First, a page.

Railway passengers are now enjoying improved access at Cadoxton in South Wales after new passenger lifts, and a footbridge was opened at the station.
This now means those using a wheelchair, pushchair or have heavy luggage will be able to access both platforms at Cadoxton as they are both step-free following the £3 million upgrades at the station.
The improvements also include a new waiting shelter, doorways widened at the ticket office and the installation of tactile paving on the platform edge.
A new ramp from the ticket office to platform one has also been built as part of the upgrade.
These improvements have come thanks to an investment by Network Rail as part of the Access for All programme, launched in 2006 by the Department for Transport.
Bill Kelly, Network Rail’s route director, was joined by the Rail Minister Chris Heaton-Harris, Jane Hutt Deputy Minister, Alun Cairns MP Vale of Glamorgan and James Price CEO Transport for Wales and Simon Green, chair of Bridgend Coalition of Disabled People and trustee of Disability Wales, who officially opened the lifts on 28 August at a socially distanced official opening ceremony.
Rail accessibility minister Chris Heaton-Harris said: “These new facilities at Cadoxton will be a fantastic improvement for passengers, giving disabled people increased confidence to travel as more people return to Wales’ railways.
“But there is still more to be done, and the UK government is already making 15 further stations in Wales more accessible as part of our £350 million Access for All scheme.”
UK Government Minister for Wales David TC Davies said: “The accessibility improvements at Cadoxton train station demonstrate the UK Government’s commitment to building a bigger, better railway for Wales.
“Accessible stations will open up routes to more passengers across the country, empowering people to travel independently and helping us to make inaccessible transport a thing of the past.”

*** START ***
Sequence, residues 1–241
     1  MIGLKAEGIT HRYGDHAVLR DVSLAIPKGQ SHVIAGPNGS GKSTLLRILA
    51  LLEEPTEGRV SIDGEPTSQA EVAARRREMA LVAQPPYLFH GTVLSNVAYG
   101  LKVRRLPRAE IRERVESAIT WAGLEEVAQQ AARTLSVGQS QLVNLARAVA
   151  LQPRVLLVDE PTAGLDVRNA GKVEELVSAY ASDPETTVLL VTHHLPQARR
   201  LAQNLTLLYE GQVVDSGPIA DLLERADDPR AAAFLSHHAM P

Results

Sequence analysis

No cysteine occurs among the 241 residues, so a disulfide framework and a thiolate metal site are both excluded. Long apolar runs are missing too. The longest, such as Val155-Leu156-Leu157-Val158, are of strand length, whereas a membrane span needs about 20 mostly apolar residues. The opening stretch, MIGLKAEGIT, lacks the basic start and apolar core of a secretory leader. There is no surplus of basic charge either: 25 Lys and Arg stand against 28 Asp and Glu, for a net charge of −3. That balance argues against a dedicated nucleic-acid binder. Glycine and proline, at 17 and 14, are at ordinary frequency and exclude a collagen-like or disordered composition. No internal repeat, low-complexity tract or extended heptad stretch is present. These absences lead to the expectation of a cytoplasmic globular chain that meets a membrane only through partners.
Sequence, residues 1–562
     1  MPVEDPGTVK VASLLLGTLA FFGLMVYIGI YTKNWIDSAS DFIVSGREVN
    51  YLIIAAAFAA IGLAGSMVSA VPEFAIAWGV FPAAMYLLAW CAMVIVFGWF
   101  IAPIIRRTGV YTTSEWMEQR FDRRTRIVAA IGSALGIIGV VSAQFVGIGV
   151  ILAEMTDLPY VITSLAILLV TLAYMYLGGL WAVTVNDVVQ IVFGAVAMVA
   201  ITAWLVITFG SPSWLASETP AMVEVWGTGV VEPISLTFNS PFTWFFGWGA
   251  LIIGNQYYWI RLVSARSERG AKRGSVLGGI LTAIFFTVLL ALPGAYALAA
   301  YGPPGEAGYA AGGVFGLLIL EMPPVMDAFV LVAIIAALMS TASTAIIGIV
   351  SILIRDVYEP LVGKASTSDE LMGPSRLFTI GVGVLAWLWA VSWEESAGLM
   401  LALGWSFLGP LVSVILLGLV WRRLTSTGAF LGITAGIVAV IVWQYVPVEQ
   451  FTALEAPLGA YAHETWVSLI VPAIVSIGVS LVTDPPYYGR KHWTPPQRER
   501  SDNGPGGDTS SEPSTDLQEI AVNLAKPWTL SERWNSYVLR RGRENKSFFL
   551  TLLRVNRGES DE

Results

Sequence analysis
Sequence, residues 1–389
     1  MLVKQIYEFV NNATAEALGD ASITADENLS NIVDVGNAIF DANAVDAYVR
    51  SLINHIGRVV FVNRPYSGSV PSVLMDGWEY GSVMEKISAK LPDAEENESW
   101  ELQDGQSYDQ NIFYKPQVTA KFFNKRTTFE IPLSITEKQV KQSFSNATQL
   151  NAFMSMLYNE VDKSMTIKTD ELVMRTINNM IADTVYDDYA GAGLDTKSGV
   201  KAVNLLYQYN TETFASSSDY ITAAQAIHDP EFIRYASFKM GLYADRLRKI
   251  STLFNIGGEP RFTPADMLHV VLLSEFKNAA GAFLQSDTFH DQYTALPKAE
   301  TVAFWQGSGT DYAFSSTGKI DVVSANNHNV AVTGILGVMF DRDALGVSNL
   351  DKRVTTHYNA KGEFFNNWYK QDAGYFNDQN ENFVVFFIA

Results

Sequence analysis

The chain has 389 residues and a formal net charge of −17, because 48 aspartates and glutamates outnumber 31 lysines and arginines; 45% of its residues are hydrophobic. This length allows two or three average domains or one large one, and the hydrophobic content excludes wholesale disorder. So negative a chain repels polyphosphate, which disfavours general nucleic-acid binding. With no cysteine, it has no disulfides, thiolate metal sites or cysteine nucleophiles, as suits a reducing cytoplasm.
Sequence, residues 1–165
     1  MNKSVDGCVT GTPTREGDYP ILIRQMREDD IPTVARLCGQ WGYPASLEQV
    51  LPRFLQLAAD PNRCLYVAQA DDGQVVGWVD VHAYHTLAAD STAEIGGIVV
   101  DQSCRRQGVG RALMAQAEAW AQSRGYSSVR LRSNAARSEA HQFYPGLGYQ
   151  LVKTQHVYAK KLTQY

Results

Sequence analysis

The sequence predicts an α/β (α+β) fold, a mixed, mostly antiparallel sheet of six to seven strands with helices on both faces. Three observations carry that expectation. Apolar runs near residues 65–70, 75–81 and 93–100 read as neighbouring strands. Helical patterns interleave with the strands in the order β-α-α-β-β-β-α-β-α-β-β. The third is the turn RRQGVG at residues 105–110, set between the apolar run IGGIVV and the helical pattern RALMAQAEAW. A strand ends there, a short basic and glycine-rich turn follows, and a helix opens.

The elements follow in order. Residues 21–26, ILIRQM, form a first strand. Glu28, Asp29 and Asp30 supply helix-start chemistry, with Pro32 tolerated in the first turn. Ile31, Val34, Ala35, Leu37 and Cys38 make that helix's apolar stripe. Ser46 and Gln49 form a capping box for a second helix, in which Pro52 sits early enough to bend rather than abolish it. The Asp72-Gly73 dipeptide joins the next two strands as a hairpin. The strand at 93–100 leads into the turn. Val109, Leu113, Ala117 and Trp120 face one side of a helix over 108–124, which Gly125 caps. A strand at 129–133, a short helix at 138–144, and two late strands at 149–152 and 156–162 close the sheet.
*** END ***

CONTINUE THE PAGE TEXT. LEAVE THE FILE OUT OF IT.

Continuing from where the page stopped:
Bill Kelly, Network Rail route director said: “I am delighted as the lifts and footbridge at Cadoxton are a real game changer for passengers who will no longer need to travel to Barry Island to benefit from step free access.
“Step free access benefits not only those with reduced mobility but also passengers with children, heavy luggage or shopping. We are committed to making our railway accessible for passengers and the new lifts are a welcome addition which will enhance the journey experience for many years to come”.
James Price, Transport for Wales CEO, said: “I’m pleased that the new facilities at Cadoxton station have now opened for customer use, including the new step free footbridge. It represents a major improvement to the facilities at this busy station, and I’d like to thank TfW and Network Rail colleagues for their hard work in delivering this.
“At Transport for Wales, we’re fully committed to building a fully accessible rail network for Wales and the Borders and improving accessibility at stations is a key part of this. We’re proud to have worked collaboratively with Network Rail on improving the accessibility at Cadoxton, and we’re looking forward to working together to develop more schemes throughout the Wales and Borders network in the years ahead.”
Simon Green, Chair of Bridgend Coalition of Disabled People and trustee of Disability Wales, said: “I have been a wheelchair user since 2003 and use trains almost every day from my home in Pencoed. It frustrates me that there are many stations around Wales that are not accessible and so pleased more and more platforms are being made more disabled friendly and easier for those with heavy luggage.
“I have needed to travel home from Cadoxton before and haven’t been able to, the fact I and others with reduced mobility can now is great news. It will be an honour to be there and see the hard and essential work that’s been done. The more lifts that are built and more that is done to improve access the better so a big thanks to Transport for Wales”.
Kevin Collins, project director for Network Rail, said: “We will continue to work hard to ensure a more equitable journey experience for passengers.
“Although the improvements at Cadoxon are positive, we know there is more to do so we will continue to step up our work to make our facilities truly inclusive. We are now planning further accessibility improvements at Barry station in 2021”.
Thomas Edwards, project manager for Network Rail Wales and Borders, said: “We would like to thank the community for their patience while we carried out this important work to make the station more accessible.
“The pandemic has changed the way we work and it’s thanks to the hard work of our of our contractors Alun Griffiths that we can now have step-free access to the platforms for those who need it.”
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